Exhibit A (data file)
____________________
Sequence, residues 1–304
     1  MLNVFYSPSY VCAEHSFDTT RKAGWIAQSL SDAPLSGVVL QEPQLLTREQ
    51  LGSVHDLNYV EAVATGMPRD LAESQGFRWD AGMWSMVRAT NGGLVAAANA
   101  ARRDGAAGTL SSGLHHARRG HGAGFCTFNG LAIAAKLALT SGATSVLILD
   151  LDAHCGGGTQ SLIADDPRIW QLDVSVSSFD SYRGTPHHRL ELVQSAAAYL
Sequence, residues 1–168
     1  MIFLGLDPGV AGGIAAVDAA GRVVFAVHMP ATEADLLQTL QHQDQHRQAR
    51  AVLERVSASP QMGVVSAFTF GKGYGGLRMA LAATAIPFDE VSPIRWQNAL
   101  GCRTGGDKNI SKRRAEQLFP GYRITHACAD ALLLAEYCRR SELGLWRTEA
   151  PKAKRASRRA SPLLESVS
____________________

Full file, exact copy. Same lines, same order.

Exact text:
Sequence, residues 1–304
     1  MLNVFYSPSY VCAEHSFDTT RKAGWIAQSL SDAPLSGVVL QEPQLLTREQ
    51  LGSVHDLNYV EAVATGMPRD LAESQGFRWD AGMWSMVRAT NGGLVAAANA
   101  ARRDGAAGTL SSGLHHARRG HGAGFCTFNG LAIAAKLALT SGATSVLILD
   151  LDAHCGGGTQ SLIADDPRIW QLDVSVSSFD SYRGTPHHRL ELVQSAAAYL
Sequence, residues 1–168
     1  MIFLGLDPGV AGGIAAVDAA GRVVFAVHMP ATEADLLQTL QHQDQHRQAR
    51  AVLERVSASP QMGVVSAFTF GKGYGGLRMA LAATAIPFDE VSPIRWQNAL
   101  GCRTGGDKNI SKRRAEQLFP GYRITHACAD ALLLAEYCRR SELGLWRTEA
   151  PKAKRASRRA SPLLESVS